For some women, conceiving can be as easy as tossing out their contraception, whether they're working on their first baby or their fourth. For others, reaching the goal of fertilization becomes a nightly chore, a mad mating dance that revolves around ovulation kits, specific sexual positions, and, more and more commonly, a succession of fertility tests to help pinpoint possible problems.
Whether you've just started trying to become pregnant or have been at it for a while, heeding some common sense advice that's based on good science can help boost your odds of conceiving. Here, noted fertility experts from around the country have outlined the do's, don'ts, and don't-bother-withs of getting pregnant.
Have sex frequently. It may seem like a no-brainer, but given many couples' hectic schedules, it's easy to overlook this one. If you're not timing your cycles or you have irregular periods, you can cover your bases by having sex every other day, say fertility specialists.
Figure out when you ovulate. Women with very regular 28-day cycles can just count 14 days from the first day of their period to determine their ovulation date. If your cycles aren't regular (or even if they are), an ovulation kit can help you pinpoint your most fertile time.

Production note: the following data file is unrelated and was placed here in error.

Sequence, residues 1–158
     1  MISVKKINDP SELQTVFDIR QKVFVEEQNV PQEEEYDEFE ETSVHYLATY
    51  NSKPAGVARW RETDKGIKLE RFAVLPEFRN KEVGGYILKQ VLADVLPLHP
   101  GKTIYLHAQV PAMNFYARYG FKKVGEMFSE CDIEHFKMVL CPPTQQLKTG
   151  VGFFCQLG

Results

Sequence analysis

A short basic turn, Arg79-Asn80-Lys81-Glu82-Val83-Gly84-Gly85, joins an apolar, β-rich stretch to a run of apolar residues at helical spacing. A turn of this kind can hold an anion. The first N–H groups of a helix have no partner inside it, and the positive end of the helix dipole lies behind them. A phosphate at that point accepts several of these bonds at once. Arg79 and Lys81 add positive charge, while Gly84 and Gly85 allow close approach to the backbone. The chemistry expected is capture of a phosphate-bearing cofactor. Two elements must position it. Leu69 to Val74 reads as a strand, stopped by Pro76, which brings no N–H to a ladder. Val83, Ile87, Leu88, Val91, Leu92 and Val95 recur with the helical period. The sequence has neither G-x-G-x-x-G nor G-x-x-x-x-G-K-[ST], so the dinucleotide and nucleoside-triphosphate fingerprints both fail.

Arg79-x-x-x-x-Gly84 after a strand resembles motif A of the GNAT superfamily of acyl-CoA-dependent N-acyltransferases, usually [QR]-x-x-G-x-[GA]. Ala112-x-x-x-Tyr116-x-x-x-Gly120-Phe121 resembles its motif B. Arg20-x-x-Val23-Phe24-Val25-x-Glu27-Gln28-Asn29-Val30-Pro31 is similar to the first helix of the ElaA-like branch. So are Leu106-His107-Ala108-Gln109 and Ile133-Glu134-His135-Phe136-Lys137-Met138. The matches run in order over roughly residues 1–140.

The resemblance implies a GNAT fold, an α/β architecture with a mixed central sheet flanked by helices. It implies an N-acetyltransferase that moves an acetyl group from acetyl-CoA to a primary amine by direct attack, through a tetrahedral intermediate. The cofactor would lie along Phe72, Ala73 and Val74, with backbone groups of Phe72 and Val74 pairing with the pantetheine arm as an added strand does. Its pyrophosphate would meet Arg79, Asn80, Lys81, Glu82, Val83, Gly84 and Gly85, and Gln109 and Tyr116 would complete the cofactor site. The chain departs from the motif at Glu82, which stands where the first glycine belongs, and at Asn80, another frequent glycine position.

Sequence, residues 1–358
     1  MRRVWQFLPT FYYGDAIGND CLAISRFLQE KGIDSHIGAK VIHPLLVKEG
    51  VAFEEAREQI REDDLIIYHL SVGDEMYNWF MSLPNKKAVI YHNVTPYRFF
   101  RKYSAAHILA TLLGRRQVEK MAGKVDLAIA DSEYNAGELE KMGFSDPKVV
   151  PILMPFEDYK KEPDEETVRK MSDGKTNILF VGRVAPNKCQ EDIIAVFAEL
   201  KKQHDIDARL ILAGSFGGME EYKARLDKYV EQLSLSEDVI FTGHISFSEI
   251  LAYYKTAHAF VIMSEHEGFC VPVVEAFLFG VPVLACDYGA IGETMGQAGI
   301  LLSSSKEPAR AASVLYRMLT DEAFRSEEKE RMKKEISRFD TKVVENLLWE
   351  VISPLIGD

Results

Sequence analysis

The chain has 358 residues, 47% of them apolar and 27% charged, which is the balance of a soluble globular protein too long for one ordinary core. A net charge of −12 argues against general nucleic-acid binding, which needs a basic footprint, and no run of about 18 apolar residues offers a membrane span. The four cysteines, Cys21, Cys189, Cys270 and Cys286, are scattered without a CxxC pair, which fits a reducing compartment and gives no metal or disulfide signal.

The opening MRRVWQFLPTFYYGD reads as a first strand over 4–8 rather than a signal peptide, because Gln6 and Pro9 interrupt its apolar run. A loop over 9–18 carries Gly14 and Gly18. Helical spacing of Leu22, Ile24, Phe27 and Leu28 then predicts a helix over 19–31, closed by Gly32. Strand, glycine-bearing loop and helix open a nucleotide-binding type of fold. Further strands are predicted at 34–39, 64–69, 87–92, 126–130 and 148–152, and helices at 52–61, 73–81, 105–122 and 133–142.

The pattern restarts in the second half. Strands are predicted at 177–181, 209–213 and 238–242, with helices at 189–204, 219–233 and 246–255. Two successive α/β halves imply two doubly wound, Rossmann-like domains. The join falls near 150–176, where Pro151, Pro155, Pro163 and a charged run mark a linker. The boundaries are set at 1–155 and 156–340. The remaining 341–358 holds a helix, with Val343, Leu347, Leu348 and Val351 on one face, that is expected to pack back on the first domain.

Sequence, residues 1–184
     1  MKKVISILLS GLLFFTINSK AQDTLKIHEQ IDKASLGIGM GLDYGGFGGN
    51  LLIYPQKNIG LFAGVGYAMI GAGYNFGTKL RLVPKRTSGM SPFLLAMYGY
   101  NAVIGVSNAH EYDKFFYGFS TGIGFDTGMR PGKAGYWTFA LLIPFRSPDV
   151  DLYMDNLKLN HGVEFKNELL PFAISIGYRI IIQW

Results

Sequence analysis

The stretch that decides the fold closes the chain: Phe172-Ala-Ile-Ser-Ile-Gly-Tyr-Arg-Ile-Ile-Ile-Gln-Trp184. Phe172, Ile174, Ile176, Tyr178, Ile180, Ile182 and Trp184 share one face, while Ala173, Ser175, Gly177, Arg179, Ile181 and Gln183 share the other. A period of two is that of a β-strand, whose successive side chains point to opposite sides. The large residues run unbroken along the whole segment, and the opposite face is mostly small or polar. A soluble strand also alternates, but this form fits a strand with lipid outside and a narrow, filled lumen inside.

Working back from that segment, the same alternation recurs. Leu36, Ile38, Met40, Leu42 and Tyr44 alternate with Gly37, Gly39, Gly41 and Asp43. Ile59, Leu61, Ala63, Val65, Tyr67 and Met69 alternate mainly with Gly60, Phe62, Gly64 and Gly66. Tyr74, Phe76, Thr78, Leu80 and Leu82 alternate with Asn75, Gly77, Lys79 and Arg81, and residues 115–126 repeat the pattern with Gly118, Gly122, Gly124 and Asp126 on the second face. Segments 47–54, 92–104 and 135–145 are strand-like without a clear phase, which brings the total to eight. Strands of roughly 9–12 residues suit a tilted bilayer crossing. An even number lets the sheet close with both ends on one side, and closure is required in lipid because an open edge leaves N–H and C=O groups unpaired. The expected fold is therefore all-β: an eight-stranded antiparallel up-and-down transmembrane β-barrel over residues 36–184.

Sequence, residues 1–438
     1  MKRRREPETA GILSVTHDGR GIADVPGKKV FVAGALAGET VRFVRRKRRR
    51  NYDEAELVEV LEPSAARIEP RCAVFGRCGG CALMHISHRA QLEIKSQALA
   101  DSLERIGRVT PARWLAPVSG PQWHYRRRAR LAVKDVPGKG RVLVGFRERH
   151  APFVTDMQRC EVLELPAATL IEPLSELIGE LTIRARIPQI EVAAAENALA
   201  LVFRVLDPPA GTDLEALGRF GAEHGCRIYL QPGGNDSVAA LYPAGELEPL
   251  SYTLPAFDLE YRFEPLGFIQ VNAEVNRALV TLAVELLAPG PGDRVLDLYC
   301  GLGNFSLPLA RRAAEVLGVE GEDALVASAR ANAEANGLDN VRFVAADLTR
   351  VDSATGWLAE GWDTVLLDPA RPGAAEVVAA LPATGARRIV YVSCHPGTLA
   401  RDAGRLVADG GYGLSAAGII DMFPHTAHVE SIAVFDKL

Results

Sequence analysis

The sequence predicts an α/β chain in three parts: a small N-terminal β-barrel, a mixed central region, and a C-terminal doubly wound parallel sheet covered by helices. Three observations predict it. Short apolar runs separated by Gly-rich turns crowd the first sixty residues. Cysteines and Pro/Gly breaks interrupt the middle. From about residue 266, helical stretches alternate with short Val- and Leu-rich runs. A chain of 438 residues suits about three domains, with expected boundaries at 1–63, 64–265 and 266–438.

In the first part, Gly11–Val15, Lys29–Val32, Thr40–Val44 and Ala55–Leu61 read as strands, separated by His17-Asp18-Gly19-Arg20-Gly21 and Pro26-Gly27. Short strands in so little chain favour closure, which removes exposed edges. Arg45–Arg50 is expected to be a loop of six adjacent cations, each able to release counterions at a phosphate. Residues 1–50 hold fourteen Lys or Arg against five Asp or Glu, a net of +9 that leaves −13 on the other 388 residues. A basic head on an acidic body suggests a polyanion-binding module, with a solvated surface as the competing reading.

Most ovulation kits measure the level of luteinizing hormone (LH) -- one of the hormones that signals the ovaries to release an egg -- present in your urine. LH begins to surge around 36 hours before you ovulate, but most kits don't detect it until 24 hours prior. A woman with a 28-day cycle should start testing her urine on day nine or ten after the start of her period so she doesn't miss her surge.
A new palm-size, electronic device called ClearPlan Easy measures LH and estrogen levels, and can signal ovulation up to five days in advance.
Monitoring cervical mucus is another way to track ovulation. "It's not as reliable as a kit," says Sandra Carson, M.D., professor of ob-gyn at Baylor College of Medicine, in Houston, "but it doesn't cost anything." This method involves checking your secretions for a few months until you notice a pattern. Estrogen causes mucus to thin after your period, while rising levels of progesterone right after ovulation make it thicken. Once you pinpoint when you ovulate, you can plan to have sex several times leading up to that day.
The drawbacks: Many women find this method inconvenient, or inaccurate since such factors as nursing and antihistamines, even fertility drugs, can dry up mucus.
Charting your basal body temperature is useful for figuring out when you ovulate. "Your temperature usually dips by half a degree 24 hours before you ovulate; then it goes up as you ovulate," says Pette Zarmakoupis, M.D., an ob-gyn and director of the Kentucky Center for Reproductive Medicine, in Lexington. But since basal body temperature can be thrown off by a number of things, such as illness, don't rely on it alone.